"Average Private Patient Income per Foundation Trust is up 58 per cent since 2010, including a 17 per cent rise in the year the Tory-led Government abolished the Private Patient Income Cap." - Labour press release, 25th April
This is right, if you don't include ambulance trusts in the figures. Labour told Full Fact they did that on the basis that ambulance trusts don't make much money from private services, so the abolishment of the cap on this income won't have affected them in the same way.
Either way, foundation trusts - which have more freedom over their finances than other hospitals - are getting more money from private patients on average in 2013/14 than in 2009/10, prompting the Labour Party to raise concerns about NHS privatisation by stealth.
But then again, those trusts are getting more money from all their activities than in 2009/10. Over the same period the proportion of Trusts' income that came from private patients went up from 0.8% to 0.9%.
Income from private patients - up 58% for Foundation Trusts
In 2013/14 Foundation Trusts got £389 million of their income from private patients, compared to £224 million in 2009/10. That's according to the body that oversees the trusts, Monitor.
The number of foundation trusts went up in that period from 129 to 147. So Labour have adjusted for this by working out the average income per foundation trust, although they haven't included five ambulance trusts in their 2013/14 figures on the basis that these, they say, get very little private income.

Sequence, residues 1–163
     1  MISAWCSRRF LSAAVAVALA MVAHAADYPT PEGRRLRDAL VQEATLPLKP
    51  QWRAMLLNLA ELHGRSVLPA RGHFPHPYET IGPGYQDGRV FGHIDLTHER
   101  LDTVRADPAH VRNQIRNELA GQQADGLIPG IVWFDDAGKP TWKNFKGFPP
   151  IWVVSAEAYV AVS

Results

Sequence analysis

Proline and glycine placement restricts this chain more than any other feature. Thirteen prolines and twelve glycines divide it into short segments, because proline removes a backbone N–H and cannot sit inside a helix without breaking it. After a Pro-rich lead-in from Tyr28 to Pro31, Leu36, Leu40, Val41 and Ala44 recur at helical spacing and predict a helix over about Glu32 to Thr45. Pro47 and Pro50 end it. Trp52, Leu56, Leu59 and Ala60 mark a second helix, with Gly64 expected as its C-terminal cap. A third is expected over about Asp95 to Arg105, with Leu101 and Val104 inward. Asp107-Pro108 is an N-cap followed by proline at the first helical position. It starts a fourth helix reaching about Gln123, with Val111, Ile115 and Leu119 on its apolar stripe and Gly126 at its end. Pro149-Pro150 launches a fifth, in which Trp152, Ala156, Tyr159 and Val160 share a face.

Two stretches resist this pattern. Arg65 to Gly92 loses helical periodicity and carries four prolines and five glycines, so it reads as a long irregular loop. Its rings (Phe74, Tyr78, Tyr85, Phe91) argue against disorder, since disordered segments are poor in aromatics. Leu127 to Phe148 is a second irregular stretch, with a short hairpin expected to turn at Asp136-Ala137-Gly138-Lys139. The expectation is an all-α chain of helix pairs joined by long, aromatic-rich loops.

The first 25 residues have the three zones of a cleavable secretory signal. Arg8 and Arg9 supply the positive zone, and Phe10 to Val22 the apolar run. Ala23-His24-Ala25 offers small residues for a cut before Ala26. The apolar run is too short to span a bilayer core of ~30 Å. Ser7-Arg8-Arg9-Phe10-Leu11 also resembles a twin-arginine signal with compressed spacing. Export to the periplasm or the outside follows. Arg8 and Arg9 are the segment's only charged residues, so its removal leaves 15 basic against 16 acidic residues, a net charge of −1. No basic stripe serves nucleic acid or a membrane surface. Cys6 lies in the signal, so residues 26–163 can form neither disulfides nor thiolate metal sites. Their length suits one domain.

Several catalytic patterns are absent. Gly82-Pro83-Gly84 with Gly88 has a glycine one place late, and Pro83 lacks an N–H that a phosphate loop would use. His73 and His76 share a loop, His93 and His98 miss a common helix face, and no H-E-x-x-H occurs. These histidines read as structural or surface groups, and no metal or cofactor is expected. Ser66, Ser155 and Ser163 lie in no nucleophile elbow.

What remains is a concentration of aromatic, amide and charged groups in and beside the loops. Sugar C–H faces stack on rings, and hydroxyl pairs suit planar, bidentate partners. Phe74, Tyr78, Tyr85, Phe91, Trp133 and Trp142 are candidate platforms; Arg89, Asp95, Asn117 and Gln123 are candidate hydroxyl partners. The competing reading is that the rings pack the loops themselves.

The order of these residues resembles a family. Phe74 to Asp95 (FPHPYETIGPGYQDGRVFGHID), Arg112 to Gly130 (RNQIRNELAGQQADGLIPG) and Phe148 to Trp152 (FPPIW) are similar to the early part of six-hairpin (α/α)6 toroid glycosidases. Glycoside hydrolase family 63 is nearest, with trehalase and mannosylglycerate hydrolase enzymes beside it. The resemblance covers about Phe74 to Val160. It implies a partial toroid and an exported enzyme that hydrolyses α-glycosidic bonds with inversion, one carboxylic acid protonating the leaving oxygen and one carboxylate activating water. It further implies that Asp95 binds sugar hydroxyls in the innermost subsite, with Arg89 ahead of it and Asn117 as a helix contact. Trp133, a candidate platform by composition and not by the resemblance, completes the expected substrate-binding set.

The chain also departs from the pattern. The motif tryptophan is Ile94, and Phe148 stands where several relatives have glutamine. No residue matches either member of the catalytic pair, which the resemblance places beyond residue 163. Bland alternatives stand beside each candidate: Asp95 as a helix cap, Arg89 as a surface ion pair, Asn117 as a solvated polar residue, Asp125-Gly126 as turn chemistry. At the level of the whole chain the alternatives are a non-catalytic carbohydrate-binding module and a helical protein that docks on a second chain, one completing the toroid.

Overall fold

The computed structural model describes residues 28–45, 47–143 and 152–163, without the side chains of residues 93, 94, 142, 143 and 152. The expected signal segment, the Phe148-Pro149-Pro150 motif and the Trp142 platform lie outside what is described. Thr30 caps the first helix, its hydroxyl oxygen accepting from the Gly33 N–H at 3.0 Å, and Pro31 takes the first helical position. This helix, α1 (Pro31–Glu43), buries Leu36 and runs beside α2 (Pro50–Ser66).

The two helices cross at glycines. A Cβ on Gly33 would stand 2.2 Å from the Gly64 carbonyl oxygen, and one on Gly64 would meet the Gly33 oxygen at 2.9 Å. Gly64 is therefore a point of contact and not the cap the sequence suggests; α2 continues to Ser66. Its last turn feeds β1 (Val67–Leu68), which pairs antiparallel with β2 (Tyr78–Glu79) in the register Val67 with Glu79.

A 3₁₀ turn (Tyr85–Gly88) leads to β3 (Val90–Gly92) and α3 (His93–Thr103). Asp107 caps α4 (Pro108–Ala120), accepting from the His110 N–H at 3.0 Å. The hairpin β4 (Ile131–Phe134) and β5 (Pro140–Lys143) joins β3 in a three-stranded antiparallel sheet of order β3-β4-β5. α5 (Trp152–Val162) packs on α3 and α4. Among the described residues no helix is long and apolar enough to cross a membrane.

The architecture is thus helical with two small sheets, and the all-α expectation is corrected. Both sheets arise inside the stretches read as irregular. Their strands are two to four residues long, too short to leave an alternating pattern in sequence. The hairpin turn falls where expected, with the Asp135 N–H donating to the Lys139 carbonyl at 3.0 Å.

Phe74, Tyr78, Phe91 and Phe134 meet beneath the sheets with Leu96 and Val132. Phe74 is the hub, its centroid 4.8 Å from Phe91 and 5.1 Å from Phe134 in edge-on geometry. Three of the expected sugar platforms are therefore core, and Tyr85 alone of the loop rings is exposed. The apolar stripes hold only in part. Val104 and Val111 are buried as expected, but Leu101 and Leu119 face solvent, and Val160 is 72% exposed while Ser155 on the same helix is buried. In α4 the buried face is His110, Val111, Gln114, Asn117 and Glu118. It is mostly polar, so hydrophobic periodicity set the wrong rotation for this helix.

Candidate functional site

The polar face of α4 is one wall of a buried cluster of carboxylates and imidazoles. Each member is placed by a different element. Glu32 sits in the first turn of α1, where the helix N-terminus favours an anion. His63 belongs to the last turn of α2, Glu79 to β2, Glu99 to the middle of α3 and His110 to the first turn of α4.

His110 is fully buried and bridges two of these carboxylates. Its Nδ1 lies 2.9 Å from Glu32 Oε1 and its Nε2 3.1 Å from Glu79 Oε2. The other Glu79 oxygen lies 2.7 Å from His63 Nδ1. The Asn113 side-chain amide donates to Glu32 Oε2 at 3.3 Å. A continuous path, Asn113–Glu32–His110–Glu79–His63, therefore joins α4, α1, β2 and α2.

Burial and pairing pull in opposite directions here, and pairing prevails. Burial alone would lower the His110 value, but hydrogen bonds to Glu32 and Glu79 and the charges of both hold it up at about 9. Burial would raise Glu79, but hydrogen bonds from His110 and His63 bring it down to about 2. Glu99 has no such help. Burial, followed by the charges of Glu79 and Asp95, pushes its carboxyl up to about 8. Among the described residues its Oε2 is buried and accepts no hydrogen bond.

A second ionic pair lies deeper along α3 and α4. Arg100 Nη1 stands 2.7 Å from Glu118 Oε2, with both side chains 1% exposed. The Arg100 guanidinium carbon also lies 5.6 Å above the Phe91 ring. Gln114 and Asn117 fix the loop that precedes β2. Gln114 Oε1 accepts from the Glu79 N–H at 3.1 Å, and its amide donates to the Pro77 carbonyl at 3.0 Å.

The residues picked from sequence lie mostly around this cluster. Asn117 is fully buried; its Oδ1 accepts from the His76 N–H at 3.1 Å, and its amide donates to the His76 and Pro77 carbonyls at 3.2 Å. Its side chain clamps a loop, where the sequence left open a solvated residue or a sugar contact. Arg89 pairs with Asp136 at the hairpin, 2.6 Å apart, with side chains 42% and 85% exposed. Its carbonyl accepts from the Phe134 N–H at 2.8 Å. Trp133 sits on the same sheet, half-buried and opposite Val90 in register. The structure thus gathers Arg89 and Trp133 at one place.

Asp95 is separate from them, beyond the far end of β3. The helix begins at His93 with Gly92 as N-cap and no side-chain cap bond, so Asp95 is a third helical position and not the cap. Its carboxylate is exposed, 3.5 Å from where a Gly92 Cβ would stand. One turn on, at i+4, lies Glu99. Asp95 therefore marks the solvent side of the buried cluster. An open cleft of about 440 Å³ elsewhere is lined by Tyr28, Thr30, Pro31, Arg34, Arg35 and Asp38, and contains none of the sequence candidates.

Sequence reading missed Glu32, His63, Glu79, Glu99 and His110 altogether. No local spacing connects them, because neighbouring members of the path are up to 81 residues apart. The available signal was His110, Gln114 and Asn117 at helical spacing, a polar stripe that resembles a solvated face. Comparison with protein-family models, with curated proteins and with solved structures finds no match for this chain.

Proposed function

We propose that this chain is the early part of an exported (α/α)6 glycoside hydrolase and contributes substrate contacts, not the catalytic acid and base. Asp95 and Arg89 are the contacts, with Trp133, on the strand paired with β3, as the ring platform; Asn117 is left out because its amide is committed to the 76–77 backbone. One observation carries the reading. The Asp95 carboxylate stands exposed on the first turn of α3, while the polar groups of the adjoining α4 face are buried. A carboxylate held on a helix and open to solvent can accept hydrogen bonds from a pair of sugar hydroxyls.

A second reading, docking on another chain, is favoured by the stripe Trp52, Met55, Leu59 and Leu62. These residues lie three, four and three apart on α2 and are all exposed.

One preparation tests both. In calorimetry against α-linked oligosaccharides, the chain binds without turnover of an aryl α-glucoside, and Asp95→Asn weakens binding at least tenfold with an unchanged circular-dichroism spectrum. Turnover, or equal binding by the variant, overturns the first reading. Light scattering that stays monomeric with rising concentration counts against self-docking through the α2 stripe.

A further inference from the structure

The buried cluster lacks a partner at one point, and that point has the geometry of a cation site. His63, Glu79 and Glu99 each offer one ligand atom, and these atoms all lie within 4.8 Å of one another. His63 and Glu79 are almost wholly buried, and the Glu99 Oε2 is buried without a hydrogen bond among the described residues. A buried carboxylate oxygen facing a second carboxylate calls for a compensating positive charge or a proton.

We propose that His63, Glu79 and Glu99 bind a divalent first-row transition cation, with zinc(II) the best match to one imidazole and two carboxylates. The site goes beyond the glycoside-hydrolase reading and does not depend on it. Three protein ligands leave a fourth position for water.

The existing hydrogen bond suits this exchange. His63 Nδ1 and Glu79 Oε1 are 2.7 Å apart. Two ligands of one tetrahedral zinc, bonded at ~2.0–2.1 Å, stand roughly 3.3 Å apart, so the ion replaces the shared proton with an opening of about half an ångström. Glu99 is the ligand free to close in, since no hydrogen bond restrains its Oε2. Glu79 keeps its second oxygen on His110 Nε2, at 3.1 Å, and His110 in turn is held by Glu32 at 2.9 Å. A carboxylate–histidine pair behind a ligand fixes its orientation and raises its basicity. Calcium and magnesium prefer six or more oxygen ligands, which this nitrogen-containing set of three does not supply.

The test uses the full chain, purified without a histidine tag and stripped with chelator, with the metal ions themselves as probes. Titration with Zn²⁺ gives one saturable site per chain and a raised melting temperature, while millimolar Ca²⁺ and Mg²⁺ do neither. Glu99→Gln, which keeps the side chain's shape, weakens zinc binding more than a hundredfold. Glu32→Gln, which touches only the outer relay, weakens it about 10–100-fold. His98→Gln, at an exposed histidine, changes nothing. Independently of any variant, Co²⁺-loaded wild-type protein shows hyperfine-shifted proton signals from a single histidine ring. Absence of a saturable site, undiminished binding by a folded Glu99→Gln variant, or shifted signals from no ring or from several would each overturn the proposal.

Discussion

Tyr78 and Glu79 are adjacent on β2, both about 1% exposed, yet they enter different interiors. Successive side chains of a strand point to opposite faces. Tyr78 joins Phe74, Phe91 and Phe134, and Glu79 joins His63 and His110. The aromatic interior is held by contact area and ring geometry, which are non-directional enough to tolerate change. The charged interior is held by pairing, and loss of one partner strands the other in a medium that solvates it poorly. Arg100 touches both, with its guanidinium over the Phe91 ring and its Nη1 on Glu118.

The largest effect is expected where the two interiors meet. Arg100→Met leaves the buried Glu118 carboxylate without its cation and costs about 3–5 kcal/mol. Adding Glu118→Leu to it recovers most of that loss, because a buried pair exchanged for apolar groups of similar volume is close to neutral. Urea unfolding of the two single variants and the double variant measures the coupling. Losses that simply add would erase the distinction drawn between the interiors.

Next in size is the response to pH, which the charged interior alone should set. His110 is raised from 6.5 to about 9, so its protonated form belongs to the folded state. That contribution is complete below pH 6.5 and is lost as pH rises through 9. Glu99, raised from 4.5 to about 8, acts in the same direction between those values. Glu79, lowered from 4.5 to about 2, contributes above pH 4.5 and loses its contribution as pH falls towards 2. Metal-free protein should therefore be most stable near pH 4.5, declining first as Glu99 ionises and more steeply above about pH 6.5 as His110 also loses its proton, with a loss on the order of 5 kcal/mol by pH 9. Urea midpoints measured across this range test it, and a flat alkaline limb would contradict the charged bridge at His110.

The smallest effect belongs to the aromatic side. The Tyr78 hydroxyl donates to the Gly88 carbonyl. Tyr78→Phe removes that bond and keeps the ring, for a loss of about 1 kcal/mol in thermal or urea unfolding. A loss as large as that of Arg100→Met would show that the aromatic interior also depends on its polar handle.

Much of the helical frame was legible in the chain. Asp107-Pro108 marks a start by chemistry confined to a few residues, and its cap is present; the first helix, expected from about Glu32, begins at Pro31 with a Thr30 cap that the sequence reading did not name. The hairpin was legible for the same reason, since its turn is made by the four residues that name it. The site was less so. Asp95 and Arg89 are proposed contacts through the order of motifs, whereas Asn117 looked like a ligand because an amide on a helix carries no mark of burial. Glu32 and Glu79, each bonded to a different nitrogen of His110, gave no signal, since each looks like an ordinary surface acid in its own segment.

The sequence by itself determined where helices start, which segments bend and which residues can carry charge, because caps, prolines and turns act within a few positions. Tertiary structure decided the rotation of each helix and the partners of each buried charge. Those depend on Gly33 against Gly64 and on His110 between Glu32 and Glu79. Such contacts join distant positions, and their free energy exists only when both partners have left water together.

Income per trust is up from £1.7 million in 2009/10 to £2.7 million by those methods, a rise of 58%. If you included the five ambulance trusts income would be closer to £2.6 million per trust, meaning a rise of 52%.
Income from private patients still below 1%
Labour are proposing that income from private patients be capped at 2% of the total for trusts unless they're meeting "strict safeguards" on the care given to NHS patients.
The sector as a whole is well within that target already, with 0.9% of operating income coming from private patients in 2013/14, up from 0.8% in 2009/10. The total is capped at 49%, and if trusts want to grow this income by more than five percentage points in a year they have to get prior approval.
That said, some hospital trusts from within the 147 foundation trusts got a significantly higher proportion of their income from private patients. At least four of them got a tenth or more of their income in this way. They were: the Royal Marsden NHS Foundation Trust, Moorfields Eye Hospital NHS Foundation Trust, Great Ormond Street Hospital for Children NHS Foundation Trust, and Royal Brompton and Harefield NHS Foundation Trust.
This article originally used "billion" were "million" was meant, on multiple occasions. We've corrected this.
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